The Week of Nice Sunsets and Sunrises
2016-08-01 20:54:02.000 – Adam Gill, Weather Observer/IT Specialist
This week on the summit has had quite the number of phenomenal sunrises and sunsets. This week we have been dominated by high pressure with weak fronts traversing through the region. The biggest reason that we had such perfect conditions for colorful sunrises and sunsets was due to the placement of a stubborn stationary front just to our south. The center of the high was anchored just off to the northwest and it was moving very dry air into the region in the mid atmosphere. High clouds were strewn overhead due to the stationary front to the south but the summits stayed in the clear as dry air was kept in place by the high. There was even some virga falling out of the high clouds that really helped show the color of the sunsets and rises.
Since it is summer time, the sun will rise in the northeast and set in the west –northwest direction. This is important because all the clouds were to the south so the sun was able to rise and set without being obscured. This morning was really an exception because there was one small break in the cloud deck off to the northeast with showers in the region that really illuminated all the colors of a sunset.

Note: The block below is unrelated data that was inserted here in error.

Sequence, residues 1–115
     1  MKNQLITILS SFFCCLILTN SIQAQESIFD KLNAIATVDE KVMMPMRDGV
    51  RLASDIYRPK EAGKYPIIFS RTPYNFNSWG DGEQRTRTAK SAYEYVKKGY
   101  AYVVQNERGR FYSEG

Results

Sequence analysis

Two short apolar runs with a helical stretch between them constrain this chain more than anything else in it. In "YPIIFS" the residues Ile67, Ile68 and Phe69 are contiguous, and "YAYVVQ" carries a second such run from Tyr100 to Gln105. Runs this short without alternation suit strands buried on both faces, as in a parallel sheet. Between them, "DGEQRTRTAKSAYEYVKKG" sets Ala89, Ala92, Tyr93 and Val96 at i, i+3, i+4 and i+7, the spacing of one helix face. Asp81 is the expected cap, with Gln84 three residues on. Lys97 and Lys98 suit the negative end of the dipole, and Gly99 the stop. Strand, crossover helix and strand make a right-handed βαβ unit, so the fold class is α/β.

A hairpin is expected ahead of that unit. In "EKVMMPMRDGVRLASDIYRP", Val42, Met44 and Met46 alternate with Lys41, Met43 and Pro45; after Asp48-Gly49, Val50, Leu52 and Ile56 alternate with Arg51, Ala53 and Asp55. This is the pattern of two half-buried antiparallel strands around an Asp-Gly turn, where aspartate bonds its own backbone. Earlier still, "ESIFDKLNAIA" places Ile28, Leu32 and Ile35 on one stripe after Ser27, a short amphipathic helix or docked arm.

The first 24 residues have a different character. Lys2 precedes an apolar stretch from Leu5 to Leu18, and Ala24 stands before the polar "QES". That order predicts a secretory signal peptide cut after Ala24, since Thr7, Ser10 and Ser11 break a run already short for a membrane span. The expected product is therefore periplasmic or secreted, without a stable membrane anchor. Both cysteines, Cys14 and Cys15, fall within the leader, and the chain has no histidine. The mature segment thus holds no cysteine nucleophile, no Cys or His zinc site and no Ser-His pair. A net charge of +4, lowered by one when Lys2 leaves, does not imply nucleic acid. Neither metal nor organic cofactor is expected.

So why are there so many different colors during a sunset when during the day the sky is just blue? Well that reason is due to scattering of light in the atmosphere. During the day, visible light does not have to pass through much thickness of the atmosphere. Light will scatter out starting with smaller wavelengths and longer wavelengths will penetrate further through the atmosphere. So the colors of the rainbow go from violet to red, with violet being the shortest wavelength. Violet will get mostly scattered out even at mid-day with blue being the next most heavily scattered light. It is the reason that the sky looks blue. At sunset and sunrise, visible light from the sun has to penetrate through a much greater thickness of the atmosphere because it is entering the atmosphere at such a low angle. This causes most of the blue light to be scattered out leaving only the longer wavelengths of yellow, orange, and red left. This visible light will then be reflected off of clouds and other obscurations in the atmosphere to give us all the colors!
Adam Gill, Weather Observer/IT Specialist